How to Penetrate the Great Firewall of China

作者:Ronald J. Deibert 转自:Interesting Times

OpenNet Initiative (ONI) works with the Berkman Institute and with Cambridge University and the Citizen Lab, a global intelligence agency. We’re involved in the technical end of things. Methodology involves contextual research methods, test, and analyze the meanings. In some countries the research we do is considered espionage.

It’s critical and also risky. There are probably 100 researchers in total. ONI Asia is new. This is a large operation. We use a spectrum of methods using remote probes. This is where we connect to computers as proxy from Canada.

We make requests for web sites as if we were in the country. Our request in Beijing for Human Rights Watch was dropped, but we can find it in Canada.

Next, we move to portable tools. People traveling to the country, download software into their laptops, and we control through a shell account that allows us to test 24/7.

We have 2 main baskets, the global lists and the local lists. Human rights, pornography, and in the local lists are put together by local people, URLs in local languages that the local people expect will be under investigation. More than 20 languages were used in local tests. We’re running tests right now in 71 countries.

We’ve done studies in 2004-2005 and 2006-2007 in China, and now and ongoing. Filtering in China has been covered by others. We categorize China as the most pervasive of filtering in the world. No matter where you connect in China, you reach filtering at the backbone.

There are three methods they use:
1. DNS tampering, where the routers interfere with the system that cross-references with the domain names and the numerical addresses. It gets redirected to a non-existent site,
2. IP blocking where the numbers are blocked. This method is common around the world and leads to collateral blocking. Many domains share the same IPs. Keyword filtering is achieved in the URL. It gets filtered. Our testing will show it if there is a movement to scan content for keywords. There are laws that proscribe and constrain what can occur on line. The laws that punish the user and cybercafes complement the technical filtering that occur there.
3. Skype filtering goes on there as well.

Self-discipline pacts occur in business, as well. These are an extension of a climate of self-censorship.

What’s going to happen at the Olympics? Steve Wilson said it’s a contract situation, that press freedom is to exist. There have been a few sites that are being unblocked, mostly English web sites, such as the BBC. There will be a lot of English language content that will be blocked. Foreign journalists likely won’t be looking at local, Chinese sites.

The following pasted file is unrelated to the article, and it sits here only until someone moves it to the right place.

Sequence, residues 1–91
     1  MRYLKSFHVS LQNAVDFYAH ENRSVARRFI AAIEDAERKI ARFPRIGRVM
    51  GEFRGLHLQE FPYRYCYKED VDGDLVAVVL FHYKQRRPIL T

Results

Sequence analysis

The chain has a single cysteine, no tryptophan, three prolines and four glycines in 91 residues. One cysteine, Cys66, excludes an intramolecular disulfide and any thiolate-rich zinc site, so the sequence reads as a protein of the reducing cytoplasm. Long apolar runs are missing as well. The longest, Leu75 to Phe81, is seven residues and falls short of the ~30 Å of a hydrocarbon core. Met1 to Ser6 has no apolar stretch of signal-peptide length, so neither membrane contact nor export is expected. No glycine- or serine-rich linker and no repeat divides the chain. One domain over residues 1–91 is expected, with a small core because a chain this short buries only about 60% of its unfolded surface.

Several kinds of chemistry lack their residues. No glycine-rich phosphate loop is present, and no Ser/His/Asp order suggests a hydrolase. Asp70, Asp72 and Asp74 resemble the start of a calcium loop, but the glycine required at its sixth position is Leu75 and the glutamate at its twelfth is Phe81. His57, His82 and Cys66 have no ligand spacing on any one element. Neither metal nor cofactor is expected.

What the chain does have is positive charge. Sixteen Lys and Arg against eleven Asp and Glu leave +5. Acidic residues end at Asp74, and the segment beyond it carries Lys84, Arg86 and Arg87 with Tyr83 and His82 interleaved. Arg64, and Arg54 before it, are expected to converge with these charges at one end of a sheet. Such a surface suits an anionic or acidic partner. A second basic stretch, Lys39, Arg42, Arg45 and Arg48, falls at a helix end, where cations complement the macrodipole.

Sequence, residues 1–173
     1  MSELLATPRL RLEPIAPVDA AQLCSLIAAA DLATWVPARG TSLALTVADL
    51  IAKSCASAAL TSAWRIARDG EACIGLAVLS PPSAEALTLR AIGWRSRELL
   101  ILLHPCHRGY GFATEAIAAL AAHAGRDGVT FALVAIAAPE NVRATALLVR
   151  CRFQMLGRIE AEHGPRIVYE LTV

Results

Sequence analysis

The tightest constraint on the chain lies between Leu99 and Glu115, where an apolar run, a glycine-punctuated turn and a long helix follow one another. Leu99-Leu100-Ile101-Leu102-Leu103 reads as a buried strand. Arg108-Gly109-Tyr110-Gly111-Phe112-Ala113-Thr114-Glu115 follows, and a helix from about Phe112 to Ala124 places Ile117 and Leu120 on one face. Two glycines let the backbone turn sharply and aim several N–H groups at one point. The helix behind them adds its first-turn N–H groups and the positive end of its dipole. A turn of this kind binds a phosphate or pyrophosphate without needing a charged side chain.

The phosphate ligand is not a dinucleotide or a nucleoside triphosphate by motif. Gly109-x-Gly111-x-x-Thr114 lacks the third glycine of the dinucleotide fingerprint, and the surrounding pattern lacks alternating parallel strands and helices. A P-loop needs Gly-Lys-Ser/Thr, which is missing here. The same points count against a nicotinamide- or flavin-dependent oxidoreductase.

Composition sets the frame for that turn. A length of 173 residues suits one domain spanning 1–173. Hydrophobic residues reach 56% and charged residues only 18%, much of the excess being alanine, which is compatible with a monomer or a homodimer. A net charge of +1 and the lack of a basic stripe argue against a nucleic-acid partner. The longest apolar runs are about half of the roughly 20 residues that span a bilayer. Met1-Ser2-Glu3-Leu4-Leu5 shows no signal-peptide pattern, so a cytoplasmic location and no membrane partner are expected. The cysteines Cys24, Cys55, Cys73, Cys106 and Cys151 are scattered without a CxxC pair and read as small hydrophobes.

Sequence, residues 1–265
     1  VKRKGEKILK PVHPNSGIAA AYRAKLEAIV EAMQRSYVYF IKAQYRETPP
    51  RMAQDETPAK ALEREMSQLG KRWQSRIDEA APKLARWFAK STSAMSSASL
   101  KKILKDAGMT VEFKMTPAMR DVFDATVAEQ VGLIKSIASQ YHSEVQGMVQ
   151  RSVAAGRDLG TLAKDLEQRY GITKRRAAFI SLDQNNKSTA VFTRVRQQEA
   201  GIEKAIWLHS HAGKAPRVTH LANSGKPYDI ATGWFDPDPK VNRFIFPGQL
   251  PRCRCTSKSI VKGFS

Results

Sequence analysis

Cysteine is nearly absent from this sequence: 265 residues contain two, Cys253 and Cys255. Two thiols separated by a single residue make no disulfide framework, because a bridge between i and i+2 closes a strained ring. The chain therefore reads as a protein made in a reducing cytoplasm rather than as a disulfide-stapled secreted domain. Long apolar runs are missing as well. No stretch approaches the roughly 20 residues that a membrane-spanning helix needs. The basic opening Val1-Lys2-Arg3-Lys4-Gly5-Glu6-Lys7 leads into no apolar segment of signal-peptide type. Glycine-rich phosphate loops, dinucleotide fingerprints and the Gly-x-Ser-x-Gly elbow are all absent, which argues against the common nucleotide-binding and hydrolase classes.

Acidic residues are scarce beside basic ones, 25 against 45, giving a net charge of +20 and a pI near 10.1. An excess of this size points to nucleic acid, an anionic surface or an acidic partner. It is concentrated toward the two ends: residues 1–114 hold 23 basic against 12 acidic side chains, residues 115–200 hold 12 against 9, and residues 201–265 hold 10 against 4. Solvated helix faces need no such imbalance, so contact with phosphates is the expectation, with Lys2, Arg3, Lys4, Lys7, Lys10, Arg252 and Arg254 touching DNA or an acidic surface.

After the Olympics, what will happen? My guess is that restrictions will be rolled back.

There are many ways people in China get around key word filtering or the DNS problem is by entering the numerical URL. The Web address was blocked but if they entered the numerical URL, it’d work. One method the Chinese use is to connect to proxy computers based outside the country. People have to keep looking for a new proxy and you don’t know if it’s being set up by an unreliable source.

We wanted to set up a reliable method to get around censorship. We wanted to create something not so much technical as social. With Psiphon, you set it up privately and you give it to trusted friends only. We bundle all the steps into one small application and give to someone in a censored country. It was released in December of 2006, and there’s been 150,000 downloads since it was released. It’s encrypted, so it looks like an electronic transaction.

We’re working on a web-based Psiphon. The service will operate thousands of nodes that are assigned to groups and organizations. We’ve been working with a number of human rights organizations in Tibet and Burma. It extends even further ease of use. This will be the next generation of Psiphon. In a censored country, a person could give connectivity to friends and family members.

We’ve produced a guide to by-pass Internet censorship for citizens worldwide. It’s been translated into a variety of languages.

We learned that the American government was running proxy services and broadcasting to Iranian service. The service was entirely plain text (not encrypted) and so the Iranian government had access to it. There were crude porn filters that were filtering themselves.

Professor Ronald J. Deibert is Director of the Citizen Lab, Munk Centre for International Studies at the University of Toronto, and is Co-Founder of the OpenNet Initiative.